Dr. Victoria Kaspi, McGill University - Neutron Star Movement

Apr 16, 2014

What is left after a star explodes and dies? The answer is a neutron star.

Dr. Victoria Kaspi, professor of astrophysics and cosmology at McGill University, is piecing together the structure of a specific type of neutron star called a magnetar.

Dr. Victoria Kaspi is the Lorne Trottier Chair in Astrophysics and Cosmology at McGill University in Montreal, where her research focuses on observational studies of neutron stars. Her research group’s discovery of a new phenomenon in a neutron star was detailed in a paper published last year in the journal Nature. She holds a PhD from Princeton University.

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  Dr. Victoria Kaspi - Neutron Star Movement

You’ve probably heard of the ultra-dense objects in space known as black holes. But what about the next-densest objects, neutron stars?

These exotic stellar bodies are left behind after massive stars die and explode. A typical neutron star packs as much mass as half-a-million Earths within a diameter of just 20 kilometers. One type of neutron star is called a magnetar. A magnetar’s magnetic field is so powerful that, if one were located at the distance of the Moon, it could wipe clean a credit card magnetic strip here on Earth.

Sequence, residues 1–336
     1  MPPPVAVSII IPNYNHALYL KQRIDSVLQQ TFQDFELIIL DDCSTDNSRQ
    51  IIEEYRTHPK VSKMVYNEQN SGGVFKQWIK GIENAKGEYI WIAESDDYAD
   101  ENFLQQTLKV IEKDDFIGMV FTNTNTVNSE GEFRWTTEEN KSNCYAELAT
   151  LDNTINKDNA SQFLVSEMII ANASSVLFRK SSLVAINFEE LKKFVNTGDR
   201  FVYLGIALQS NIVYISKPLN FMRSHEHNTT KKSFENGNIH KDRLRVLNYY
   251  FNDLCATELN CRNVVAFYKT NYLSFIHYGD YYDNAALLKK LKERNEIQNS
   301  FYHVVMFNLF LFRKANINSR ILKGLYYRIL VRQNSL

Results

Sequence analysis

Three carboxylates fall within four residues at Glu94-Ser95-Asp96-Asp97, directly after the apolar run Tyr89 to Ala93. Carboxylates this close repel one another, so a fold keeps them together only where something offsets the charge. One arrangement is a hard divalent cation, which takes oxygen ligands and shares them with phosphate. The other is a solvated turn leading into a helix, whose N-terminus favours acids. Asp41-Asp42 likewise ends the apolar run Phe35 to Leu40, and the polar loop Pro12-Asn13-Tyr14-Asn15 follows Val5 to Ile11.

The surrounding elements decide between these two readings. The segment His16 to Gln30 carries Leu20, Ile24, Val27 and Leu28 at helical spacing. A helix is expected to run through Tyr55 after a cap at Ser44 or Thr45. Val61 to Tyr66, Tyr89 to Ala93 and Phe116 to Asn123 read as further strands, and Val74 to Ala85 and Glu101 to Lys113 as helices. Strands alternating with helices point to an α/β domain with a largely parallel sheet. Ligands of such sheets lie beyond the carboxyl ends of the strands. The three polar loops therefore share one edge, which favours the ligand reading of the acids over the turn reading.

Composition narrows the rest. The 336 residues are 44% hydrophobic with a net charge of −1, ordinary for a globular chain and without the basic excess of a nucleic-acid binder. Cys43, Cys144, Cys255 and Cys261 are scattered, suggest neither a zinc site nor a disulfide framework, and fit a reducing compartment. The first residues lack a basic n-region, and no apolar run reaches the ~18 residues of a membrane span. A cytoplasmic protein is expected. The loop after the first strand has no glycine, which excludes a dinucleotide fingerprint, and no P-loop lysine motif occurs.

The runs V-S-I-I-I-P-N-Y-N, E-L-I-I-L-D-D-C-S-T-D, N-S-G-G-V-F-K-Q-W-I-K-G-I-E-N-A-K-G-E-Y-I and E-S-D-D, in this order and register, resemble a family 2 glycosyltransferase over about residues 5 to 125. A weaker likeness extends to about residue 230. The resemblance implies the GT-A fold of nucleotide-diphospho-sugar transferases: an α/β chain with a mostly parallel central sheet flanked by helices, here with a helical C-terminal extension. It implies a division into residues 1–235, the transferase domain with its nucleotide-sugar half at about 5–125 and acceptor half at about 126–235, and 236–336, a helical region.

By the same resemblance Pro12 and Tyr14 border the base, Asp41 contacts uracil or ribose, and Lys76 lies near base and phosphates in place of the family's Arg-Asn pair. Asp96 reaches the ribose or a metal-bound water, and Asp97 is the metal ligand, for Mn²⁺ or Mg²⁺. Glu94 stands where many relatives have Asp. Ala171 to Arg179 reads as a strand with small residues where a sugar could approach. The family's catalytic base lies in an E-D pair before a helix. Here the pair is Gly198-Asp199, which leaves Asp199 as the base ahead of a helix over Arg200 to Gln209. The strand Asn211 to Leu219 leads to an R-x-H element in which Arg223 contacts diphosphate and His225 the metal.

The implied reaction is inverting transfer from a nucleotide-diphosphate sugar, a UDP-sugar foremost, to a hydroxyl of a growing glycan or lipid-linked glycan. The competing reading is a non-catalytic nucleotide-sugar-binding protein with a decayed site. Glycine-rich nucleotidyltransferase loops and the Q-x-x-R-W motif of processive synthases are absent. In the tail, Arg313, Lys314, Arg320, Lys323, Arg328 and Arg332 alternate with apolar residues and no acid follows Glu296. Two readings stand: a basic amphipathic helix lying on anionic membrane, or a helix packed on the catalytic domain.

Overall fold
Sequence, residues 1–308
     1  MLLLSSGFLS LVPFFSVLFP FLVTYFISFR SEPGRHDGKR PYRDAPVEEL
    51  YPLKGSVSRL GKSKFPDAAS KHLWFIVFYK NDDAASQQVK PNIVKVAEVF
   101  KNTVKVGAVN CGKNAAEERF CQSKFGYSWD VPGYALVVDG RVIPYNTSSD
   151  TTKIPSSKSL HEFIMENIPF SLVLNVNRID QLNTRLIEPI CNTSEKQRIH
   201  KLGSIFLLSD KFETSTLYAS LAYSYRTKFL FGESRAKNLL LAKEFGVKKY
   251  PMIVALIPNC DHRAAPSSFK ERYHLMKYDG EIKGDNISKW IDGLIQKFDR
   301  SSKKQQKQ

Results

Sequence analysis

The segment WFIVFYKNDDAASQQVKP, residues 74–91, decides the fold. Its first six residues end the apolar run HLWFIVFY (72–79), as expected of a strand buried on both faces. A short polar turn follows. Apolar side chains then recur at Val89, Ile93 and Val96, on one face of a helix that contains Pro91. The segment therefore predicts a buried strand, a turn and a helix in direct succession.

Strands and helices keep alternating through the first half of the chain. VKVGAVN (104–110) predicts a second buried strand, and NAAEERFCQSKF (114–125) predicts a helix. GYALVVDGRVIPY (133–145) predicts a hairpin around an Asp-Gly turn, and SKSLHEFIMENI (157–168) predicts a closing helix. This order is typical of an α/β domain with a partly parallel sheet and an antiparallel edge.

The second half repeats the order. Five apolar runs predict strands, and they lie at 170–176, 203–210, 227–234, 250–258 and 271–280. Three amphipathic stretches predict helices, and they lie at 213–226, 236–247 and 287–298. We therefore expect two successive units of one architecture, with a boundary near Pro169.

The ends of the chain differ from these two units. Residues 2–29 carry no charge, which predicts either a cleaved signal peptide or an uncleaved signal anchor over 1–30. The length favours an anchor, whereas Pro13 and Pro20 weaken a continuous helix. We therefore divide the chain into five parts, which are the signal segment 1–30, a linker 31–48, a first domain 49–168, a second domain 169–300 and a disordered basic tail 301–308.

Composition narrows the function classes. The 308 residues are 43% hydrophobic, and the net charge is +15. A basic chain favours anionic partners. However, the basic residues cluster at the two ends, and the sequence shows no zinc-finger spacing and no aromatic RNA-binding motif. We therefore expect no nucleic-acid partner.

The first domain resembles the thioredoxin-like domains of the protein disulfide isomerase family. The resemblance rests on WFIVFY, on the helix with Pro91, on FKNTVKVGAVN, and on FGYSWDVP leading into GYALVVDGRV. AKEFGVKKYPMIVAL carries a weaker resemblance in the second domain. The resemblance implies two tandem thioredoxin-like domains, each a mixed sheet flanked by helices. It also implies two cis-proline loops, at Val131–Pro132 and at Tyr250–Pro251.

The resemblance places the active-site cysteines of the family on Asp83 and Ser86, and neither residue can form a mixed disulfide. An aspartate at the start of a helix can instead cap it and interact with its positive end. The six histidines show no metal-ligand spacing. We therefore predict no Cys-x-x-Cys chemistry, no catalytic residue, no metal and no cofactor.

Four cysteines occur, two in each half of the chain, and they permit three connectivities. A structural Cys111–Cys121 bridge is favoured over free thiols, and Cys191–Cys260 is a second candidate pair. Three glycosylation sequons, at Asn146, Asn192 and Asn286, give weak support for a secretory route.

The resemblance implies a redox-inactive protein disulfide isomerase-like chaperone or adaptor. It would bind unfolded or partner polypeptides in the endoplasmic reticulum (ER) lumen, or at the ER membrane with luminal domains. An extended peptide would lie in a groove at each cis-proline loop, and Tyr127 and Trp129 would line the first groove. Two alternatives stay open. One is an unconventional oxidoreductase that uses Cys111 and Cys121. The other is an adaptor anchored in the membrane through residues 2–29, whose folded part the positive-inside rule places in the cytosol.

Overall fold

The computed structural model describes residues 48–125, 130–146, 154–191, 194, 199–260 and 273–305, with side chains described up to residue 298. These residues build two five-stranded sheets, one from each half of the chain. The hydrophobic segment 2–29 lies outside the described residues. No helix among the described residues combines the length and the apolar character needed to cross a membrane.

The internal structure of neutron stars is a long-standing puzzle. The matter inside them is subject to forces so intense that we can’t re-create them in laboratories on Earth.

Neutron stars also rotate very rapidly, often many times per second. Sometimes a star’s rotation suddenly speeds up – an event known as a glitch. These spin-up glitches may indicate that these ultra-dense objects contain some form of liquid, likely a superfluid.

Our research group last year discovered a surprising new phenomenon: Using NASA’s Swift X-Ray telescope, McGill graduate student Rob Archibald observed a magnetar suddenly rotate slower.

Along with the sudden slowdown, which we dubbed an ‘anti-glitch,’ we detected a large increase in the X-ray output of the magnetar -- telltale evidence of a major event inside or near the surface of the star.

The anti-glitch strongly suggests pockets of superfluid rotating at different speeds inside the star.

We hope this discovery will help scientists better understand interiors of these amazing objects – and understand the nature of matter in extreme environments.